It's undeniably clear that exclusive breastfeeding is the healthiest and most economical way to feed a baby. It's recommended through at least 6 months of life by all major medical organizations--the WHO, UNICEF, AAP, ACOG, US Surgeon General, etc. If 90% of infants in the United States exclusively breastfed past 6 months, the health care system would save billions of dollars and thousands of infant deaths would be prevented every year!

Here's why. Breastfeeding your baby is proven to prevent many costly and even deadly childhood illnesses. Research has shown it prevents viral infections, SIDS, ear infections, diabetes, asthma, eczema, necrotizing enterocolitis (usually in premature infants), autism, ADHD, and even leukemia and obesity! Breastfeeding also makes a baby smarter and more likely to succeed in his/her career later in life.

For mom, breastfeeding prevents breast and ovarian cancer, heart disease, high blood pressure, and depression. Women who breastfeed successfully lose their baby weight rapidly, successfully bond with their baby, and feel great!

So why don't all women breastfeed? Well, for starters, breastfeeding isn't easy and formula companies have spent millions of dollars convincing the public and health professionals that cow or soy-based products are completely safe (which is untrue) and equivalent to breast milk (outright false). Recent research has shown that over 90% of women in the US receive 'free' formula gift baskets in the hospital before discharge, and that most hospitals do not pay for the formula their staff give to newborns innocently enough. When a woman goes home and has trouble breastfeeding loving parents' fear their baby is starving and decide to "just give a little formula". Unfortunately, early formula is among the most harmful things to breastfeeding success!

Efforts in the United States to combat this have predominantly focused on the birth hospital setting. Los Angeles County, for example, has improved the percent of women starting to breastfeed in hospital to 92% by broadly implementing WHO/UNICEF quality improvement strategies called "Baby-Friendly" that help women start out. Governor Brown recently signed into law SB402 requiring all California hospitals to adopt similar programs.

Still, the many benefits of breastfeeding and helpful hospitals are not enough. Within 3 months of giving birth, about 75% of Los Angeles mothers have give up on exclusive breastfeeding. By 6 months only 10% of infants are still being breastfed! A recent national study found that 60% of women do not meet their desired breastfeeding goals. Most mothers struggle with breastfeeding in the first weeks, they found. And there is little support back home as an entire generation of new grandmothers in America never successfully breastfed themselves.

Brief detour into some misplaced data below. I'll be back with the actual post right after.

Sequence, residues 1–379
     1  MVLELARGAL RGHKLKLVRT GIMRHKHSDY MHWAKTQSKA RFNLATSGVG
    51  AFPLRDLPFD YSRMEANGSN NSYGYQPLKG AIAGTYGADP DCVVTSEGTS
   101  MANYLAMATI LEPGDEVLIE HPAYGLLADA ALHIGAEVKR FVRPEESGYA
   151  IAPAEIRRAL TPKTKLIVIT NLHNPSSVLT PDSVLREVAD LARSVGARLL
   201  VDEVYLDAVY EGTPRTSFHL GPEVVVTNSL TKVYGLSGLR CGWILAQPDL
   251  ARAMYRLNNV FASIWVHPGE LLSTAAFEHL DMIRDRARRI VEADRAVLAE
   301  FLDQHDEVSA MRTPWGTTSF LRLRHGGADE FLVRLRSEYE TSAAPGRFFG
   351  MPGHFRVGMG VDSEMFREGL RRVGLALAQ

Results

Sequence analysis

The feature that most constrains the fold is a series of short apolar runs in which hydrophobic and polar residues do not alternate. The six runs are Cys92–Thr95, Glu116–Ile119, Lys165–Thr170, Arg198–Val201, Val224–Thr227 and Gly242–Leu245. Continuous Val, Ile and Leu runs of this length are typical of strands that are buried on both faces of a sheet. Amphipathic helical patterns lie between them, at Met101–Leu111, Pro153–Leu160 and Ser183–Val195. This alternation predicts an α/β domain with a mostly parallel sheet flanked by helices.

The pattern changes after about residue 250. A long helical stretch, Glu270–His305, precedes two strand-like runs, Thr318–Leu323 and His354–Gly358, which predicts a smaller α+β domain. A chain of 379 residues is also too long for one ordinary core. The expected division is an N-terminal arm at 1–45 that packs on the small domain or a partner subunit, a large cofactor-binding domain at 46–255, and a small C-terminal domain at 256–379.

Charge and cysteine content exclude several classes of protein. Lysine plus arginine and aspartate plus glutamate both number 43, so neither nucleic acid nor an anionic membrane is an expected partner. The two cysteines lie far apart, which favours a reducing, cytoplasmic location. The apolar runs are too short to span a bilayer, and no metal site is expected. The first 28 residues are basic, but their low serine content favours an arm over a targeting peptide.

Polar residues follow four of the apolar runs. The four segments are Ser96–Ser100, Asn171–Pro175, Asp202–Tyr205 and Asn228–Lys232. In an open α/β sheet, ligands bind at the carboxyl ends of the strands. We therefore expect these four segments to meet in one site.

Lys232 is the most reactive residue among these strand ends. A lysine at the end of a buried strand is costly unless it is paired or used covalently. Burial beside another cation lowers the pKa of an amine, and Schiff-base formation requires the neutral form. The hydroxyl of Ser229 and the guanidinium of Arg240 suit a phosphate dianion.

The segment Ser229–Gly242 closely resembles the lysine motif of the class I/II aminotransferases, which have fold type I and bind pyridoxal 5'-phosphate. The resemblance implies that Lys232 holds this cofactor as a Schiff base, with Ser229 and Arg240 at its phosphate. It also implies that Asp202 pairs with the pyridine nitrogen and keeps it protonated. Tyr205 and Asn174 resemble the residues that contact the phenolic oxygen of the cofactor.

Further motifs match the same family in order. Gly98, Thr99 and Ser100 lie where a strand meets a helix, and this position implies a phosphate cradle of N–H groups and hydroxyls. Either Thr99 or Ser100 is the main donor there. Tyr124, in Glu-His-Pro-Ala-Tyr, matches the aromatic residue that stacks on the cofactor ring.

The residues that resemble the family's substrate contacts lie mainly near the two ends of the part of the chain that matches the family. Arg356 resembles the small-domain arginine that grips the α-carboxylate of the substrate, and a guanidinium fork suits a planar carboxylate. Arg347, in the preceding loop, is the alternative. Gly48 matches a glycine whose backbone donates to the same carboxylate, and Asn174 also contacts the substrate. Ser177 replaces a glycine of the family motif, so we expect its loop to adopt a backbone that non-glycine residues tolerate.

At latchMD we strive to make this right for women and their babies. It's time for a new model of breastfeeding support. Our team of breastfeeding experts includes a Board-Certified pediatrician who will help you latch and address all your new baby concerns in the comfort of your own home! We offer flexible scheduling and phone, email, and video chat consults and follow-up.

It's our mission to ensure that all mothers and babies can breastfeed successfully and meet their goals!  Contact us for you or your loved ones today and give the gift of breastfeeding; to mother and baby's health!

  

Why you should share latchME with mothers today

It's time to redefine ourselves as a global breastfeeding entity. Over the past year we built latchMD through breastfeeding outreach, research and support system development, all the while helping many local mothers breastfeed. Then we had a realization. There are way more mothers out there struggling without any help than any one service can see! Thus latchME, the world's first crowd-sourced breastfeeding support network, was born.

Yes exclusively breastfeeding is the ideal way to feed your baby, but did you know that over 90% of US women receive 'free' formula gift baskets in the hospital before discharge? Think about the message this sends. New research also shows more than 90% of mothers (by no coincidence) struggle with breastfeeding in the first weeks home. A whopping 60% never reach their own personal breastfeeding goals! We are losing too many breastfeeding families to the formula industry.

The World Health Organization, UNICEF, and Baby Friendly initiatives have done incredible work combating formula marketing and securing better breastfeeding care for women inside hospitals.

But when a mother goes home and has trouble breastfeeding, she and her partner have a very tough decision to make. Should they push on till their doctor's visit still a few days away or "just give a little formula". Who doesn't want to feed a crying baby? Breastfeeding is overrated anyway, right?